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Taj Mahal erased from local state tourist brochure

The latest brochure published for the tourism sector in the Indian state of Uttar Pradesh includes various Hindu holy sites.

But, astonishingly, it excludes India’s most popular attraction, that iconic monument to love, the Taj Mahal.

The magnificent Taj was built in the seventeenth century by a Mogul emperor heartbroken by the death of his favourite wife.

Why, we wondered, would anyone choose to leave it out of a tourism information booklet?

The Taj Mahal was left out of a state tourism brochure. Credit: On Assignment

Could it be because the Taj is a Muslim holy site? Was it left out because of bigotry?

No, says the BJP, the party that rules India and the state of Uttar Pradesh, the party responsible for the brochure.

The Taj Mahal is in the town of Agra and the local BJP representative Jagan Garj says it was left out by mistake.

And it won’t happen again.

The Taj is a Muslim holy site. Credit: On Assignment

An accident? That’s not possible say critics. Not with so many layers of bureaucracy.

They say the brochure would have gone across too many desks prior to publication for the omission to be a mistake.

The ruling BJP is an unashamedly Hindu party. As defined by its constitution, India is a secular republic.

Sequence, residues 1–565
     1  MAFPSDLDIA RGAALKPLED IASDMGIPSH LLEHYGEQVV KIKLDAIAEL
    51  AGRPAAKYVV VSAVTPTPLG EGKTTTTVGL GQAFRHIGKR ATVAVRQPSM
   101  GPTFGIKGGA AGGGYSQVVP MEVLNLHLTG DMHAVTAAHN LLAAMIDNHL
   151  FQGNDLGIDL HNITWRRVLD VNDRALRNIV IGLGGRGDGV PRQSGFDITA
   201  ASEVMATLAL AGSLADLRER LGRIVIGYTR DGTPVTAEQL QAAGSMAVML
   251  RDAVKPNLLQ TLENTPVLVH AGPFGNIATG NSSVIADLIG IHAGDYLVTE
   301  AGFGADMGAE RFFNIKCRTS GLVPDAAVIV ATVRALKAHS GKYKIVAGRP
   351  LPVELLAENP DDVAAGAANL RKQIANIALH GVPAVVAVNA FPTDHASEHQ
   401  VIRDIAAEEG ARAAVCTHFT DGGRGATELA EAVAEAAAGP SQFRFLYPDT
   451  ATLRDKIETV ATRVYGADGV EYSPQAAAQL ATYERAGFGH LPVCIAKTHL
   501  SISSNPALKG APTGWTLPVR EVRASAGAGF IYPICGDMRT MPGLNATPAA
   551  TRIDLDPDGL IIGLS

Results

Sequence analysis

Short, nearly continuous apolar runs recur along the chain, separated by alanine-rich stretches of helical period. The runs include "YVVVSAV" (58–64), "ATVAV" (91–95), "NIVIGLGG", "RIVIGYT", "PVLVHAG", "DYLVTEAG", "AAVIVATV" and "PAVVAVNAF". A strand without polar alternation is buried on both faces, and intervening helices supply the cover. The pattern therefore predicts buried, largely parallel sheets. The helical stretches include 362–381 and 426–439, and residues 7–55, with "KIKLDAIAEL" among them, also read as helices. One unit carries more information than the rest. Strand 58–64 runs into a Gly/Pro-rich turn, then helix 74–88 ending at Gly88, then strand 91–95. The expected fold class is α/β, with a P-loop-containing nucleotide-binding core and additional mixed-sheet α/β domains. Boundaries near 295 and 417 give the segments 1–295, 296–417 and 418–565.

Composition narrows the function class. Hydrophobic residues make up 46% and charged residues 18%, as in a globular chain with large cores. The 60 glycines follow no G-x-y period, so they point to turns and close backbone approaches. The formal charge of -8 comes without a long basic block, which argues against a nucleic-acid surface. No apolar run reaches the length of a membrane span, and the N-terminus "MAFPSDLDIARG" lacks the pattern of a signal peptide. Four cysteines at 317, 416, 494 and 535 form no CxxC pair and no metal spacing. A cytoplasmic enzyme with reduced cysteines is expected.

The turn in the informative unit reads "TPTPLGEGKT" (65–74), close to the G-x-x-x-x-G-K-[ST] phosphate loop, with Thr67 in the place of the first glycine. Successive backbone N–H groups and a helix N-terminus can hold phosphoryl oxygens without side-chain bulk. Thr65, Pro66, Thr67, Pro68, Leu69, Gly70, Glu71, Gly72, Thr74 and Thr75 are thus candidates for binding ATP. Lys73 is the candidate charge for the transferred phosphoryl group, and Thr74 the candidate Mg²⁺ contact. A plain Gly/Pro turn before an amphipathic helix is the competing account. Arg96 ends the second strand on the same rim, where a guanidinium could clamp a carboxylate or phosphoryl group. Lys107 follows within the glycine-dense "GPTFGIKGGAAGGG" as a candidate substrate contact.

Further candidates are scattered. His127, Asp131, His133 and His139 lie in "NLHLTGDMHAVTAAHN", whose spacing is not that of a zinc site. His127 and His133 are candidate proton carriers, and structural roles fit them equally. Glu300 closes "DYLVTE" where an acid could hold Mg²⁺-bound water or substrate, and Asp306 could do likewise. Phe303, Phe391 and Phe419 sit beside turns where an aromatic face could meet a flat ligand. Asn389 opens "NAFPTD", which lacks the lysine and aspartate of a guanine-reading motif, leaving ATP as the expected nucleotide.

The nation may be 80% Hindu, but it’s also the world’s third largest Muslim country.

Muslims we spoke to say they have detected growing intolerance since the BJP came to power in Delhi and Uttar Pradesh.

And they fear the exclusion of the Taj Mahal from the tourism booklet is symptomatic of more and more narrow-mindedness.

Muslims in India fear growing intolerance. Credit: On Assignment

Intolerance can have tragic consequences.

We spoke to the mother of a 16-year-old Muslim boy who was stabbed to death on a train back in June.

He was set upon by Hindus because of his religion.

The Indian prime minister Narendra Modi has condemned such attacks, but the fact they are happening is ominous.

India is made up of 80% Hindus. Credit: On Assignment

Back in 1977 the Voyager spacecraft was launched.

Among many other things on board was a photograph of the Taj Mahal.

The iconic building was deemed significant enough to promote mankind and Planet Earth to extra-terrestrials.

That it didn’t make it into a tourism booklet published in the very state in which it stands is bemusing.